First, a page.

Boris Johnson will return to work at the start of the week as pressure increases on the UK government over its handling of the coronavirus crisis which has claimed more than 20,000 lives.
Foreign Secretary Dominic Raab told Sky News that Johnson would be back in his Downing Street office on Monday after recovering from the virus and was in "good spirits" and "raring to go".
Johnson has been recuperating at the British prime ministerial retreat, Chequers, outside London since his release from hospital on April 12.
He spent three days in intensive care and later admitted "things could have gone either way."
Raab on Sunday resisted growing calls for the government to relax strict social distancing rules and said they would "be with us for some time".
He told the BBC: "We do want to look at when it's safe, when it's responsible, at ways to allow more outside activities to take place but, again, we have got to have the evidence that it's a surefooted step and doesn't allow the coronavirus to get a grip back on the country."
Johnson ordered the country into lockdown on March 23. It was extended on April 16 and is due for review on May 7.
On Sunday, new Labour leader Keir Starmer wrote to the prime minister asking for details on any potential lifting of restrictions.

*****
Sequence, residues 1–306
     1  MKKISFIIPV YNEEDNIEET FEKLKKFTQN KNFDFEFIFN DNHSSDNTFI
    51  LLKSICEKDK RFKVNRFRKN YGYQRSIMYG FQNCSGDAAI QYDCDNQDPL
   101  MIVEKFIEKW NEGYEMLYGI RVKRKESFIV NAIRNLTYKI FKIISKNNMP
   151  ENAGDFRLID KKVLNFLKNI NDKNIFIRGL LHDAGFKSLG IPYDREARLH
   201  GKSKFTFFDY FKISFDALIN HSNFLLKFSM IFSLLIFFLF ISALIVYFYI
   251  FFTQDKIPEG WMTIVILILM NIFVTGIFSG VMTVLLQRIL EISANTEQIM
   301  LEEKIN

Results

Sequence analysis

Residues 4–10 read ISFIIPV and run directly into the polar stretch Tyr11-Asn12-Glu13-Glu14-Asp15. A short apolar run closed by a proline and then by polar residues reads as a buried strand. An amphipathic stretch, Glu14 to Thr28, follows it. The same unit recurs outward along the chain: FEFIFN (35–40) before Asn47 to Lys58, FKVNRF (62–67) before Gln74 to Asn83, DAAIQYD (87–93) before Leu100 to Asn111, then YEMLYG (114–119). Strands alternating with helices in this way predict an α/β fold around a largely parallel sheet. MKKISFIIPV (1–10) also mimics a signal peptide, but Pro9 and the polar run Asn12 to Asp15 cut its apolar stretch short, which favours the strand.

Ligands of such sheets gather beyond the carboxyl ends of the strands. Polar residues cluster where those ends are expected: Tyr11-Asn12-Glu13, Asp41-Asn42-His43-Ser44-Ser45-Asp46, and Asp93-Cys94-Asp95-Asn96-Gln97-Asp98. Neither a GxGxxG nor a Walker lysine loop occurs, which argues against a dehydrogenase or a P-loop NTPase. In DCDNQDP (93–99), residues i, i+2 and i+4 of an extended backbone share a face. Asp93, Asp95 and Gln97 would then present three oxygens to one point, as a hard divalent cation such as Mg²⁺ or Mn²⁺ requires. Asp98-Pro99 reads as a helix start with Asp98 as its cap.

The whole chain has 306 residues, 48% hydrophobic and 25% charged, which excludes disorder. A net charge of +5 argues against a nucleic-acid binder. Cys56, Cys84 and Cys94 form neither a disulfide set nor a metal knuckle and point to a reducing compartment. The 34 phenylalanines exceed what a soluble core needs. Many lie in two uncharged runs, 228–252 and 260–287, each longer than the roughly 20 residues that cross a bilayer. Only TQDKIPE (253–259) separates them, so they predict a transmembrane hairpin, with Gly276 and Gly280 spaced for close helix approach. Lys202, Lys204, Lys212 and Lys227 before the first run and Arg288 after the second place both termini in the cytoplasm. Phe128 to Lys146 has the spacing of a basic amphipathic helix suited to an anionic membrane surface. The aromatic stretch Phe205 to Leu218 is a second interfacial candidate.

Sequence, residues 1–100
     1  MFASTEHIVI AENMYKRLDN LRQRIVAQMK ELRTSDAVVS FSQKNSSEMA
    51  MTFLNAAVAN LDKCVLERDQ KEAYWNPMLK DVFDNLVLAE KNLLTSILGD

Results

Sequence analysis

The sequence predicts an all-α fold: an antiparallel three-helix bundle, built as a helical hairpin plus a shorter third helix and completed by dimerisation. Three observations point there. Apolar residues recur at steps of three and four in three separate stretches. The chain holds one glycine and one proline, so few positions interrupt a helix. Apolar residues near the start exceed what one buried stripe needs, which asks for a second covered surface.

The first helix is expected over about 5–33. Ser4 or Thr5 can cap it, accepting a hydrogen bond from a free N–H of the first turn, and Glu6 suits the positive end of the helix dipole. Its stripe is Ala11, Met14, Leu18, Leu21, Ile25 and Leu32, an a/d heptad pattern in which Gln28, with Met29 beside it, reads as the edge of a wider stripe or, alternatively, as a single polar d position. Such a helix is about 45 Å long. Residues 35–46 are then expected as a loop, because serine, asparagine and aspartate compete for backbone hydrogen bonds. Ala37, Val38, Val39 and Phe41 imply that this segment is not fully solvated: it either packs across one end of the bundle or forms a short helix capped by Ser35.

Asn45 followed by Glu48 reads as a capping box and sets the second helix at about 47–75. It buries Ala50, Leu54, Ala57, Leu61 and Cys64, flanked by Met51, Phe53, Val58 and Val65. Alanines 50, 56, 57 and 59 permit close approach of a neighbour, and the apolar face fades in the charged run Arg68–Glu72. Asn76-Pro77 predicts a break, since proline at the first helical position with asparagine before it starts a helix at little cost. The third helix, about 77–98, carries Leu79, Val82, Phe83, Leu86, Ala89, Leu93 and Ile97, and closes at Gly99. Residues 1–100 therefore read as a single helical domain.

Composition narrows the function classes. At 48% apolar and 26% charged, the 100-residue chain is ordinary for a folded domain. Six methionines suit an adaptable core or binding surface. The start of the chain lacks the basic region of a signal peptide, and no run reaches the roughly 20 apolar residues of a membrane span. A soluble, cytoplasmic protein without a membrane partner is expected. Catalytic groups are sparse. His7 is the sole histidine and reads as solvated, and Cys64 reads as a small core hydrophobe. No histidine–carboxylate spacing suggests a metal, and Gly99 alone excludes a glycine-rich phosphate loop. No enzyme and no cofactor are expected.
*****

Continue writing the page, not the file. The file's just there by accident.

He accused the government of making "mistakes" at the beginning of the crisis and added: "The government cannot fall short in its preparations for what happens when the time is right for lockdown measures to be lifted."
The prime minister's return to work comes after health department figures released Saturday showed a further 813 people had died in hospital after contracting COVID-19, pushing the official number of fatalities to 20,319.
Raab described reaching the grim landmark as "heartbreaking".
Earlier in the crisis, senior health officials said that keeping the number of fatalities below 20,000 would be "a good outcome" for the UK.
The latest figures confirm Britain has been one of the worst-hit countries in the world and the actual toll could be much higher when deaths in the community are taken into account, particularly at care homes.
The rise in fatalities has put the spotlight on the government's approach during the crisis and led to questions being asked over shortages in personal protective equipment and a lack of widespread testing, particularly of frontline health and social care workers.
Meanwhile there was a continuing row over the role played by Johnson's controversial chief advisor, Dominic Cummings, after it emerged he attended meetings of the main scientific group advising ministers on the coronavirus pandemic.
Downing Street denied that Cummings and another advisor, Ben Warner, were members of what is supposed to be the politically independent Scientific Advisory Group for Emergencies (SAGE) but said they did attend so as to "understand better" the scientific debates concerning this emergency".
The government has not released the names of those sitting on SAGE and Raab said: "We don't release as a matter of practice the names of all the members of SAGE because of the risk of them being subject to pressure, undue influence."
A former Conservative frontbencher, David Davis, tweeted: "We should publish the membership of SAGE: remove any non-scientist members".